AKRON, Ohio -- Thirty-five years after he first walked the wide, green fairways of Firestone Country Club, hurrying to keep up with his father's long strides, John Cook realized Saturday that he was back home.
Supported by a huge gallery that shouted encouragement and gained in size and volume with every birdie, Cook made a run at 59 -- the lowest score ever recorded in a PGA Tour event -- before settling for an 8-under-par 62 during the third round of the NEC World Series of Golf.
Cook's big climb -- he was tied for 10th and five shots off the lead starting the round -- left him a shot behind David Duval, who chipped in from 50 feet on the 17th hole to carry a one-shot lead over Cook into into the final round.
"It was a special day, it really was," an emotional Cook said. "I really wasn't aware of the galleries until 17. The crowd was pretty cool. I guess they knew. When I hit it in there about 6 feet, they knew what was going on. That was a great moment."
Cook grew up in Akron where his father, Jim, was an assistant football coach at the University of Akron. The family moved to California when John was 10.
His father, who taught him to play at Firestone when John was 5, has been the tournament manager of the World Series for the past 19 years.
Cook, who had just six birdies while playing the first two rounds in even par, had nine birdies Saturday as he headed to the 16th tee. He needed birdies on two of the last three holes to join Al Geiberger (1977) and Chip Beck (1991) as the only players to shoot 59 on tour.
At the 625-yard signature 16th hole -- known as "The Monster" -- he was in prime position after two shots. He was worried that his sand wedge from 59 yards was so good that it might hit the pin and bounce away. Instead, it floated over the green. He still salvaged par by chipping back to 6 feet and rolling in the twisting putt.
"Standing on 17 I said, 'You know what? Let's take driver out here and make two birdies,"' he said.
He bashed a drive into the middle of the fairway and then an 8-iron to 6 feet. It was then that he noticed how large the gallery was and how much it was pulling for him.
"I saw a lot of people out there, but I didn't really focus in on anybody," said Cook, who now lives in Rancho Mirage, Calif. "The crowd was great. It's a good support town and it's a great support state and they take care of the people who have some ties to Ohio."
The emotion of the moment worked against him.
"It got me too pumped up," he said. "I think I blew it right threw the break."
After missing the downhill 6-footer, his 3-footer coming back took a quirky U-turn on the edge of the cup and spun out, putting an end to his shot at 59. He barely missed a 9-footer for birdie at the closing hole.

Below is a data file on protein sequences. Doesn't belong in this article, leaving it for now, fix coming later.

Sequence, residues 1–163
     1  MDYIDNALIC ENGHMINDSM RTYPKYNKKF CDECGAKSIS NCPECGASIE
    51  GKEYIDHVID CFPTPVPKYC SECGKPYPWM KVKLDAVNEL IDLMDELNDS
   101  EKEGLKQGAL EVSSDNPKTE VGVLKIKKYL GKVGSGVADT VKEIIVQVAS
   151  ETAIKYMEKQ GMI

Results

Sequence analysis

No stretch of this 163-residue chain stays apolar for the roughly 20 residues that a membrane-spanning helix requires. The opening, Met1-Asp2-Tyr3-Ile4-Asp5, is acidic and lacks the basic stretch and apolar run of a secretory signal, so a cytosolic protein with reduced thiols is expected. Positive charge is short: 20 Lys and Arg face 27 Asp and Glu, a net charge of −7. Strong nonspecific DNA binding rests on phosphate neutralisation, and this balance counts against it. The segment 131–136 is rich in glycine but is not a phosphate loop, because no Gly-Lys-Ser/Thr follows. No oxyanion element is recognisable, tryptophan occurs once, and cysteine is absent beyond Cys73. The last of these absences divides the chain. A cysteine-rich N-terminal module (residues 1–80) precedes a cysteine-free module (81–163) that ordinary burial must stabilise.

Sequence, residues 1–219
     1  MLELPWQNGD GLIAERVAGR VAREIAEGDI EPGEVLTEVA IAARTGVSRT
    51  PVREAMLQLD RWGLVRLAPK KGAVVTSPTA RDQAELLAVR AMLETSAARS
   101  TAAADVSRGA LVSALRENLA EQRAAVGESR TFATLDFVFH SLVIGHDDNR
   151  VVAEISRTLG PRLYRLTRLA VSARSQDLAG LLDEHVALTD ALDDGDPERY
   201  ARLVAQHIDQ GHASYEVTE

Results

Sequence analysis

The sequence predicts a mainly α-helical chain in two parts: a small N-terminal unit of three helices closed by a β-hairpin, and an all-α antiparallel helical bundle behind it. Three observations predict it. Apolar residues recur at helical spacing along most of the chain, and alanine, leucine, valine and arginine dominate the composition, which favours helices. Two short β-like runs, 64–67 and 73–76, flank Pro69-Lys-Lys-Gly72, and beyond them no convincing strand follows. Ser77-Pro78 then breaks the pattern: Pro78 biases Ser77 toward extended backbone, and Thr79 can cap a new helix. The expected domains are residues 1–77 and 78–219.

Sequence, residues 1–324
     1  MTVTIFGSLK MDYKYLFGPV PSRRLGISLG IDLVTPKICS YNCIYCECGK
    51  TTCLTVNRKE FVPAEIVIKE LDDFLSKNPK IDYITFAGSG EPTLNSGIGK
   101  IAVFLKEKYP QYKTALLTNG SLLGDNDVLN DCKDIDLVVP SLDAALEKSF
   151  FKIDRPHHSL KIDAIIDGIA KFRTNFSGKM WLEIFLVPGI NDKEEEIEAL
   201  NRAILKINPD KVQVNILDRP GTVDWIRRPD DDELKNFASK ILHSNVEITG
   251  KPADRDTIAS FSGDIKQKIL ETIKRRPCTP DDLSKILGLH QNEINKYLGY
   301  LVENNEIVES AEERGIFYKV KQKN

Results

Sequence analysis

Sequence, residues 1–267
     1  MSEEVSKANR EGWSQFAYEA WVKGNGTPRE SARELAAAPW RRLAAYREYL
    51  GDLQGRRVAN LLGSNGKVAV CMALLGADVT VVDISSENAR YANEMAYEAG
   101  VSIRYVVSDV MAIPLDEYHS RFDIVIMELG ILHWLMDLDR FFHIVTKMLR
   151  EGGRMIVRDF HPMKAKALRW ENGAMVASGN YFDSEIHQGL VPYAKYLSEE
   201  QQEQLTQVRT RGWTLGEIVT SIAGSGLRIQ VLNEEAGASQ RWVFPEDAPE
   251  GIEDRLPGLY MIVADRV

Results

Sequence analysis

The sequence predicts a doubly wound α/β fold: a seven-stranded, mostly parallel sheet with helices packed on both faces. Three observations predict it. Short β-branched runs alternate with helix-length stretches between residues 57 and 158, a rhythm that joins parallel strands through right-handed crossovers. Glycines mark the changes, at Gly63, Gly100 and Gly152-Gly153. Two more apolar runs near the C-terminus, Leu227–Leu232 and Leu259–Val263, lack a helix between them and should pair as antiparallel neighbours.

The 62 matched the lowest score on tour this year.
Almost lost in the wake of Cook's blitz was the steady assault of Duval. While many of the rest of the big names near the top of the leaderboard floundered, Duval had four birdies on the front side.
Still, he was oblivious to what Cook was doing ahead of him.
"I don't watch scoreboards, really," he said. "I knew he shot a good score, but I didn't realize it until on the 18th. I thought he started the day a couple under par. I thought he shot maybe five or six under. I didn't realize he shot a 62 until I saw the score on the last hole."
Duval chipped in from 50 feet for a birdie from the front fringe at 17, but then had trouble getting out of the deep rough after pulling his drive on the closing hole. He settled for a bogey -- hitting a difficult 4-foot putt to save that -- for a second straight 66 that put him at 9-under 201.
It was the first time he had ever been paired with Tiger Woods in a tournament.
"The crowds were quite large and I dare say the majority were there to watch Tiger," he said. "But because of that I made up my mind to be very focused on what I was doing, not pay attention to the ruckus and not get worked up at all. I think I did a good job."
First-round leader Phil Mickelson, who won the World Series in 1996, also had a 66 to climb into third place at 7-under 203.
British Open and Masters winner Mark O'Meara was at 204 after a 65 that was eclipsed by his good friend Cook.
"He was birdieing every hole," O'Meara said. "I was happy for him. Winning here would mean a lot to him."
Woods double-bogeyed the closing hole after hitting his approach shot into the bunker behind the green. From a buried lie he blasted the ball just a few feet onto the fringe and then left another wedge shot 15 feet short of the hole. He two-putted for an even-par 70 that left him at 5-under 205.
"The debacle at 18 is not exactly how I wanted to end the round," Woods said.